A cooking class at The Wooden Spoon
Recipes for this Story
Grilled Beet & Endive Salad 
Potato-Tomato Gratin 
Herb-Marinated Flank Steak 
Grilled Peaches 
It's a pleasure to go home to Chicago in summer, especially when the visit includes everything I love about that season: biking along the beach, a great hot dog, grilling parties in postage-stamp backyards attached to renovated six-flats, and a cooking class at The Wooden Spoon, a kitchen shop in one of my favorite neighborhoods, Andersonville. Home--in the summer--in the city. I hear a song.
The Wooden Spoon is gloriously crowded with tools and treats for home cooks. In the back of the shop is a cooking school, with almost daily classes designed for eight to 12 students. Chef instructors, most of whom live in the neighborhood, bring their collective experience to a roster that ranges from fish to fowl to fettuccine. I'm spending a bright afternoon at a Summer & Sizzle grilling class.
Todd Moore, a chef with a fine list of Chicago restaurants on his résumé, is leading the class with recipes by Becca Wheeler, a 10-year Andersonville resident and culinarian who leads ethnic market tours. Her diverse training includes stints in China and at an organic farm in Umbria.
"Becca's recipes are the ones I use most often for myself; she was one of our first teachers," comments Wooden Spoon owner Trina Sheridan, who opened her business in 2003 and lives, in time-honored tradition, above the shop with her husband, Sean, and their children, Molly, 7, and Ian, 5.
Class begins around the large prep counter that Sean designed in warm red-stained concrete. We divide into groups to prepare the food, most of which we'll grill outside. Todd leads us through some basic knife techniques. He's an affable teacher with a ready wit and a wink that puts cooking novices at ease.
The first dish is Potato-Tomato Gratin, which bakes while we attend to our grilling duties. "The moisture in this light gratin comes from olive oil," Becca comments in her recipe notes. "The flavor comes from caramelized onions, the concentrated sugars in the tomatoes, and fresh garden herbs."
The grill is set up and ready to go in the landscaped backyard that sits between the shop and a former garage that has been renovated into wine storage and party facilities, guest quarters, and a rooftop garden.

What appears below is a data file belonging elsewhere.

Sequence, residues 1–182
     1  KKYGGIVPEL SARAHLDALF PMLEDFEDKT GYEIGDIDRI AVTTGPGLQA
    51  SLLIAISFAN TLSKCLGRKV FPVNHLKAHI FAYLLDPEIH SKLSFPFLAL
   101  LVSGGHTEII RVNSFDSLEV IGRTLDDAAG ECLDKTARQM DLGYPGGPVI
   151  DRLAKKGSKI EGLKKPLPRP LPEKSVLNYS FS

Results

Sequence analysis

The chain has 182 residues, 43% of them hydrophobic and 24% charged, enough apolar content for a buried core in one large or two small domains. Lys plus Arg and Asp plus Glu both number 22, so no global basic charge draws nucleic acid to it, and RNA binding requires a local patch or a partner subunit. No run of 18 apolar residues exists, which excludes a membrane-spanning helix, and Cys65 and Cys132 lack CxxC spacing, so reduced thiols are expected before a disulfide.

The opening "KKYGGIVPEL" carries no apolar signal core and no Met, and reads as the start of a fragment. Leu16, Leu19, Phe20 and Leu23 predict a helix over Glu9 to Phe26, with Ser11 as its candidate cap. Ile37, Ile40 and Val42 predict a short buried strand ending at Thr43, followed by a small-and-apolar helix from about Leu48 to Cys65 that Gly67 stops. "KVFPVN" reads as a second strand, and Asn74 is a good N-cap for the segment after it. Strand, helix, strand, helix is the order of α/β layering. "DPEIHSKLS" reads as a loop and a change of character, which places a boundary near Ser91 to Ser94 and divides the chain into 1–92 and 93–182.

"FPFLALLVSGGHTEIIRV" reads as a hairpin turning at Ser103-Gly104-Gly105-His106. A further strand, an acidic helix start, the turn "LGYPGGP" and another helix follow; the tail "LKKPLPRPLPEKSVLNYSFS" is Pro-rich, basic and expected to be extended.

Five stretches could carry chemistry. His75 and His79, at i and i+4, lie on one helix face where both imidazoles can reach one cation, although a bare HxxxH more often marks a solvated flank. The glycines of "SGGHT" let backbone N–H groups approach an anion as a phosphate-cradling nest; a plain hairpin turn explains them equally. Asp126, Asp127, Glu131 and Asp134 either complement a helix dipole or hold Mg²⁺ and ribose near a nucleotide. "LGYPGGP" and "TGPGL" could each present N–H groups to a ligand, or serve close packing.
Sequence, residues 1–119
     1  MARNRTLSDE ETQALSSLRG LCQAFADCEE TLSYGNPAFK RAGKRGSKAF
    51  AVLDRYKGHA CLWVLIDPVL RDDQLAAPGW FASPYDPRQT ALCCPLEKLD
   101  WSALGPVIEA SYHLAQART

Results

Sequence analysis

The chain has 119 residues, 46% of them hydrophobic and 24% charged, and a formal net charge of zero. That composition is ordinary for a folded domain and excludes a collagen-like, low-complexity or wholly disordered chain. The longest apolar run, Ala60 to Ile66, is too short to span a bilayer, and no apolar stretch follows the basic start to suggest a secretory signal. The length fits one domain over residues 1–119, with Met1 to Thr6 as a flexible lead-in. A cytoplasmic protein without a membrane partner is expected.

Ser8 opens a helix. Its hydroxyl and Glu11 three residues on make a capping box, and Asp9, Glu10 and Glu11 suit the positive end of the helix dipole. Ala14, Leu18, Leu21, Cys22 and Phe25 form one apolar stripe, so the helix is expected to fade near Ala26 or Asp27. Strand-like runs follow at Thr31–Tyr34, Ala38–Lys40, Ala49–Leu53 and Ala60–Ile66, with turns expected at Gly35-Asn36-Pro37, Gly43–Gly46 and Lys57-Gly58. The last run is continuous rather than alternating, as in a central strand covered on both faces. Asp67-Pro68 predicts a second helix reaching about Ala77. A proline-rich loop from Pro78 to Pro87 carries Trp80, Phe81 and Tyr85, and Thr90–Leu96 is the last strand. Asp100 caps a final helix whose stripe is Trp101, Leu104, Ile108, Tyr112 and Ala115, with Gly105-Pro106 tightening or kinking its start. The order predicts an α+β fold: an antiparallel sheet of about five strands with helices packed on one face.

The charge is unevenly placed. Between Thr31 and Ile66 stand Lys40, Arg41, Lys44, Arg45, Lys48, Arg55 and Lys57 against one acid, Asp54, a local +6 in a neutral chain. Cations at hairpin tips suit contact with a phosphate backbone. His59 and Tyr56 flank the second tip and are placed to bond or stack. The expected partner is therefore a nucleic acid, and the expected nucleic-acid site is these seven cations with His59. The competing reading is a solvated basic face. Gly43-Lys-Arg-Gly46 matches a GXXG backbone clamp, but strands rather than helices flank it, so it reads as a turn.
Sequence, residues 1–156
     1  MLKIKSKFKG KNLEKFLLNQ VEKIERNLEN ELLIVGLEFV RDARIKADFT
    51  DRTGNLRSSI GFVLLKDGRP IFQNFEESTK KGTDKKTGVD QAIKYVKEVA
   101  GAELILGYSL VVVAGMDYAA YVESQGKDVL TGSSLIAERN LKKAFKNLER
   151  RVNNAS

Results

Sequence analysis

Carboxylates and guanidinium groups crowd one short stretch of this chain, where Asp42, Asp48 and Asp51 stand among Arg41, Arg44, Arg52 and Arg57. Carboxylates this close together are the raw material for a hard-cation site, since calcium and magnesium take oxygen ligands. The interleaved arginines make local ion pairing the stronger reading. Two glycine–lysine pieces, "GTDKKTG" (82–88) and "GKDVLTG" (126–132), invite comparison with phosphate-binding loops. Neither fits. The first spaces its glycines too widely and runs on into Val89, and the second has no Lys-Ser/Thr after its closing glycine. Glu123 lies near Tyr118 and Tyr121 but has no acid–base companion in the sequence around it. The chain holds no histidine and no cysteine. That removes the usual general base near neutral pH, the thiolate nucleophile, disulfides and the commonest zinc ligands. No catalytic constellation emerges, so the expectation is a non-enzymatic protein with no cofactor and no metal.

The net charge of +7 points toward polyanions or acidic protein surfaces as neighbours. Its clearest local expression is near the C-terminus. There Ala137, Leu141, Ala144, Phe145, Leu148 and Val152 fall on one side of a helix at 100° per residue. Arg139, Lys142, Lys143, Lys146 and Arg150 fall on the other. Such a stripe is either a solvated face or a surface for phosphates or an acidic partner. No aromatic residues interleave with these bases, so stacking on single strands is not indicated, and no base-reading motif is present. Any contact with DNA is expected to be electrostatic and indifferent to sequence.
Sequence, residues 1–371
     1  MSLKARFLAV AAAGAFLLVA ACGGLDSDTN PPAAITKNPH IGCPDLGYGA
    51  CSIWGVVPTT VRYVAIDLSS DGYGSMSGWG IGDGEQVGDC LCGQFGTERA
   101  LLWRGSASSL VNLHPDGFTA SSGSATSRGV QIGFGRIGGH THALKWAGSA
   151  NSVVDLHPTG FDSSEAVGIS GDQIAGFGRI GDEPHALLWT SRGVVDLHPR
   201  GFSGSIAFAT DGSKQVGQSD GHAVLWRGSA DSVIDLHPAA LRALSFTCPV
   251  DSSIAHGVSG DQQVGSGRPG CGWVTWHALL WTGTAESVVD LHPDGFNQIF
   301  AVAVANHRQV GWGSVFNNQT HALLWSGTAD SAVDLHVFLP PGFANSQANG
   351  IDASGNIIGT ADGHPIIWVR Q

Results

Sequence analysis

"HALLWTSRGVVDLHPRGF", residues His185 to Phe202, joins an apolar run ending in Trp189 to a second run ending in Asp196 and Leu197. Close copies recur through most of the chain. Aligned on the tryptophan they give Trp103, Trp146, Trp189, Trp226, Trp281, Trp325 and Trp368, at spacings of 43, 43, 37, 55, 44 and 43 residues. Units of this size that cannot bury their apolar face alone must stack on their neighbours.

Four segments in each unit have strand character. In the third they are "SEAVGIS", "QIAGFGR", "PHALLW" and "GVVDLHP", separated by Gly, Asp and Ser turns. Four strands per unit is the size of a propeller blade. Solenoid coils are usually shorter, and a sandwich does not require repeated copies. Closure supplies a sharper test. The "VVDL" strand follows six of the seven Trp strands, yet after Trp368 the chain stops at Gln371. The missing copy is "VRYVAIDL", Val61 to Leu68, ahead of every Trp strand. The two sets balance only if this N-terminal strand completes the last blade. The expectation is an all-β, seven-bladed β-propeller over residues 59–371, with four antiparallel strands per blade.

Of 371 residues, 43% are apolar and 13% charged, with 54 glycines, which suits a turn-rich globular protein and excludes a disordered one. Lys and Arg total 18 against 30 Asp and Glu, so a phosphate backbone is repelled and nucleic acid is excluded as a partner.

Todd explains direct and indirect grilling, an important distinction for ensuring grilled foods have that perfect balance of sear and tenderness. "With two areas of heat in the grill," he says, "you can cook directly over hot coals or burners, resulting in a sear that seals in juices. The other is off to the side, where you can cook with accumulated heat without burning the food."
The grill accommodates almost everything needed for the meal we'll enjoy later on--smoky Grilled Beet & Endive Salad, a tender grilled Herb-Marinated Flank Steak (atop that scrumptiously layered gratin), and Grilled Peaches with honey-whipped cream and almond-and-spice topping.
"This is such an awesome setting for a class," says student Liz Sheridan. "You're in a lovely, cozy backyard--like an extension of someone's home."
As we tuck into salads and steaks in the sun-dappled yard, it's difficult to remember we're in the heart of a bustling urban neighborhood--and for me, a bit nostalgic for home, difficult to forget.
Photography: Michael Venera
Chef Todd Moore guides the class through the food prep.
Recipes begin here. 
Allie Henderson (left) and Aurelia Lawrence whisk together sherry vinegar-mustard dressing for the salad.
Recipes begin here. 
Chef Moore advises Liz Sheridan (left) and Andrea Lockard on the nuances of grilling fruit, a method that concentrates its flavors.
Recipes begin here. 
The Wooden Spoon, 5047 North Clark Street, Chicago, offers evening and weekend classes from $65 per person. For a class schedule or to reserve, call 773/293-3190, or visit woodenspoonchicago.com .
Andersonville, the neighborhood that's home to the Wooden Spoon, has a retail district restricted to small, entrepreneurial businesses. Along Clark Street, the heartbeat of the neighborhood, bakeries and restaurants dating back to the area's Scandinavian roots mix amiably with contemproary shops and boutiques specializing in everything from Sicilian pastries to Scotch plaid custom upholstery. Here are some favorites: